Oliver Knussen speaks out for new music

At the Ivor Novello Awards yesterday, composer and conductor Oliver Knussen made a plea to the BBC not to “relegate” all contemporary composers to “a two-hour slot that you seem to regard as a place to put pond life.”

Some of us who write music today, we don’t write very far out music, we don’t write very populist music, we write what we believe in and to communicate a vision. … Our music is to be used, we write it for us and sometimes it’s a little prickly but some very nice things are prickly, I’ve heard.

Instinctively, I’m inclined to agree with him; and the BBC spokesperson’s response, as reported in the Telegraph, did little to assuage those concerns:

We completely agree contemporary composers and their works are important.

That’s why the BBC is the most significant commissioner of contemporary classical music and new talent schemes than any other broadcaster.

(First: I hope that grammatical mess is the result of a flawed transcription, not what the spokesperson actually meant to say.)

Alan Davey the controller of Radio 3 has also increased the number of contemporary works across the schedule, launched a new BBC Introducing Scheme for contemporary composers, the search for 70 new commissions and a contemporary composer in residence who will create new works in the day time schedule for our 70th anniversary.

All of this is on top of a regular slot for contemporary composition,  the recent season New Year New Music which focussed on contemporary works in every programme for a week and the forthcoming BBC Proms, broadcast on TV + Radio 3, which feature many contemporary composers .

It seems to me that only the first of these – increasing the number of contemporary works across the schedule – fully addresses Knussen’s point; and we have only the BBC’s word that there has been such an increase. I wonder what the data actually looks like. (What are these new works; where are they being scheduled; etc.)

As for the others. I have nothing against the regular slot for contemporary composition – Hear and Now – but this is presumably the two-hour pondlife slot to which Knussen is referring. (And with its late Saturday night slot it’s not hard to see his point.) The “New Year New Music” season was all well and good, but increasing the station’s focus on new music for a week (ie, less than 2% of the overall year) is only a marginal gain – but is easily labelled so that it sounds and looks bigger than it is. And this summer’s Proms have been widely derided for being one of the worst for new music in years. (And if the last two or three years are any guide, they will be even worse when re-broadcast to TV, as a habit has grown of dropping the new pieces from the TV transmission; cf Lachenmann’s Tanzsuite mit Deutschlandlied in 2013.) The commissioning and composer-in-residence schemes are to be welcomed, but the overall tenor of the response here still feels very much in line with contemporary music as a fringe exoticism (or perhaps a weedy pond) that is to be tolerated, rather than the repertory’s living core.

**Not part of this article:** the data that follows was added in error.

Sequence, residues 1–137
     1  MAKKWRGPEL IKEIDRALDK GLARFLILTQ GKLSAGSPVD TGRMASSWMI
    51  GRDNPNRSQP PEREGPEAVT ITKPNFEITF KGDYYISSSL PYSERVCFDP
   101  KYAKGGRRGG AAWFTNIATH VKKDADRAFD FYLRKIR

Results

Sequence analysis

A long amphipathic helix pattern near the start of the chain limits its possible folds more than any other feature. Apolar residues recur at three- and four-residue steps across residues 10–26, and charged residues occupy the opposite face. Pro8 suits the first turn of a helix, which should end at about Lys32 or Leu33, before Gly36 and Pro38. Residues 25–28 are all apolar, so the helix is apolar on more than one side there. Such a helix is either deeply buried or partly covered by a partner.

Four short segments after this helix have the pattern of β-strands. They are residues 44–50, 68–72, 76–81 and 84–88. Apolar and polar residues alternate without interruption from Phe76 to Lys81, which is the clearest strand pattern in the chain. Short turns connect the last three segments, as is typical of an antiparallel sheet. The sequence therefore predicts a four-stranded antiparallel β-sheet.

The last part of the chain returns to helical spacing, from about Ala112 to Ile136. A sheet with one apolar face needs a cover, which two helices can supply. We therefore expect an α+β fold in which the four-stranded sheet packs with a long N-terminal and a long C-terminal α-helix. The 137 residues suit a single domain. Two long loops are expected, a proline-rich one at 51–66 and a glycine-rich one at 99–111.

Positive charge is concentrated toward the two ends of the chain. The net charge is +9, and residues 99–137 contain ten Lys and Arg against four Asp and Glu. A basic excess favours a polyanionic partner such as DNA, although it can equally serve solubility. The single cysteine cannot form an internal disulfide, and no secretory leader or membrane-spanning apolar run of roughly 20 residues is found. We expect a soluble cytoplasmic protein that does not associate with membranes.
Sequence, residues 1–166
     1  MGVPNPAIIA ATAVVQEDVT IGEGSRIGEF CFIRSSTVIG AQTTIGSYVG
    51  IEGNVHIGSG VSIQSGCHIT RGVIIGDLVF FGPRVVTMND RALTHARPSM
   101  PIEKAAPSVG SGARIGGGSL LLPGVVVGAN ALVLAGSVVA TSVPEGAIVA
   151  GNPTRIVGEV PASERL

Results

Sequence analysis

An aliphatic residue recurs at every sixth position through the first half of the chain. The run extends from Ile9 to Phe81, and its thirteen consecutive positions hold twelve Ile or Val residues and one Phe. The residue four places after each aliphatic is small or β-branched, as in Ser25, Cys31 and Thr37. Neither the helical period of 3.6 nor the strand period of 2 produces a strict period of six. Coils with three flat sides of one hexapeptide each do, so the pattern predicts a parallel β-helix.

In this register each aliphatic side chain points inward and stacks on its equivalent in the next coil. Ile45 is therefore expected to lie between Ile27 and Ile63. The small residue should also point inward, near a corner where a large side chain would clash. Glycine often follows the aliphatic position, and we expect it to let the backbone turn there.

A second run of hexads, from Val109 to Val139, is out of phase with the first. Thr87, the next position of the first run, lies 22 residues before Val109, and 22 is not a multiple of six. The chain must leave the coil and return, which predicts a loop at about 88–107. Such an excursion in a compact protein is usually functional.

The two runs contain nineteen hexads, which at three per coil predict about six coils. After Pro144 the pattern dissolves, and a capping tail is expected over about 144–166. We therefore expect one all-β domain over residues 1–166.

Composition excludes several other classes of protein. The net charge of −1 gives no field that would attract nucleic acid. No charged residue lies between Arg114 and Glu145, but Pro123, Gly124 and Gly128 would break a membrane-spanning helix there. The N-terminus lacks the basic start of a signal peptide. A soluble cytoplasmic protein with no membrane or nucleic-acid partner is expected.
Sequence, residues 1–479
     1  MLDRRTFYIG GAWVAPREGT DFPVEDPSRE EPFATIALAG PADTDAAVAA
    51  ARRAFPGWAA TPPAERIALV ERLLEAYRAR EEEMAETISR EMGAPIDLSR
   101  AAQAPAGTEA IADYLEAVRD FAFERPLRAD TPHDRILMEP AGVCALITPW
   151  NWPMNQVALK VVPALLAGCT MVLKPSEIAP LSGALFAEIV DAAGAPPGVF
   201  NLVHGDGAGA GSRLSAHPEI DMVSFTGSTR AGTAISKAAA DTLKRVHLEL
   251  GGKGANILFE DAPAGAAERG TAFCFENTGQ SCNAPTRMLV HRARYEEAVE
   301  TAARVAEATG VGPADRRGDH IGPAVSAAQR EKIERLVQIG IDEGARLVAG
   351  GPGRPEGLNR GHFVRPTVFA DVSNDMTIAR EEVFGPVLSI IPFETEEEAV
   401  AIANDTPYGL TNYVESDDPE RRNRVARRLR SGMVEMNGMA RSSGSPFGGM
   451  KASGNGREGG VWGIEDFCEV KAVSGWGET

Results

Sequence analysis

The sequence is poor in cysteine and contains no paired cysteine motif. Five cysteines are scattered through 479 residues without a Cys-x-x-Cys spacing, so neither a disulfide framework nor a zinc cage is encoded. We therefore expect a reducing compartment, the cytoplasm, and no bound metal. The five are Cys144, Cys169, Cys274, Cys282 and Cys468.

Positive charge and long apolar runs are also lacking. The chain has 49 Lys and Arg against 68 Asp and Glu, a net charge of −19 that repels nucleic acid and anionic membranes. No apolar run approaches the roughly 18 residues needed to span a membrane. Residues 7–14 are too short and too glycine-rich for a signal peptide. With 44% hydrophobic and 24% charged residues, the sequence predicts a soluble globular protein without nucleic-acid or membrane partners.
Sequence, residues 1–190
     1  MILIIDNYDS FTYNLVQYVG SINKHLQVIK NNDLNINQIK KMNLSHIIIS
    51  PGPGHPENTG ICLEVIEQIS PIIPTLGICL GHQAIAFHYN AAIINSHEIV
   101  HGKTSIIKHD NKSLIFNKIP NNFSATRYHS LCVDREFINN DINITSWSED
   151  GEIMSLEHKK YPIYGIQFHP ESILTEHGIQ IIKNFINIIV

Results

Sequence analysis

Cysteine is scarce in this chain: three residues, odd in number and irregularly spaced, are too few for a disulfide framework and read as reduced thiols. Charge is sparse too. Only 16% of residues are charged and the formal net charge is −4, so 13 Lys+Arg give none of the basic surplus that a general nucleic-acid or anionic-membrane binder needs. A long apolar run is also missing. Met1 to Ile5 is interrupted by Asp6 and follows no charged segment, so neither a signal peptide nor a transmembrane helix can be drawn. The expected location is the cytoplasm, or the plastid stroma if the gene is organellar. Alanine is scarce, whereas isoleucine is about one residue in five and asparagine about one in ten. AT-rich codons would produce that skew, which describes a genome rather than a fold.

4 thoughts on “Oliver Knussen speaks out for new music

  1. If you compare the BBC’s approach to new classical and jazz/improvised music, to RAI3, or France Musique, or BR-Klassik, or WDR3, or SWR2, it’s clear that Mr Knussen makes a very good point. Why can’t BBC Radio 3 devote one evening a week to this music, together with a discussion on related ideas and politics? There’s nothing particularly controversial about this suggestion; rather, it’s surprising that the BBC doesn’t do this now.

  2. I agree with pretty much all the above, but would like to add a further thought: as well as the fact that new music is generally relegated to a few small slots on the BBC, there is also a culture which focuses upon the brand new and allows little place for continued exposure to radical modern music written in relatively recent times.

    As well as having broadcasts of premieres and so on, we need more slots in which a lot of music of the last half century or more is heard more times. Much such music can be startlingly new upon first listening, and takes time and repeated listenings to digest properly. Fantastic composers such as Bernd Alois Zimmermann or Bruno Maderna died over 40 years ago, so obviously there will be no new works from them. But few of their works have been heard at all regularly in the UK, and I think it is important that this work, and the existing catalogues of numerous living composers, are given more than just the one-off. How about hearing a range of works by Mauricio Kagel or Gilbert Amy or Sylvano Bussotti or Ivo Malec or Horațiu Rădulescu or James Tenney in mainstream slots on Radio 3, or even some features on their and others’ work on television? It may do wonders in terms of developing new audiences.

    A good deal of music remains very ‘new’ even after all its various premieres. And the real test is often in how it bears up to being heard over a more extended period of time.

    1. Yes, absolutely Ian – another reason to feel uncomfortable about the emphasis on premieres/commissions in Radio 3’s plans. *New* new music may get some airtime, but there’s an increasingly widening window of musical history between 1950ish and the present day that is almost wholly unheard.

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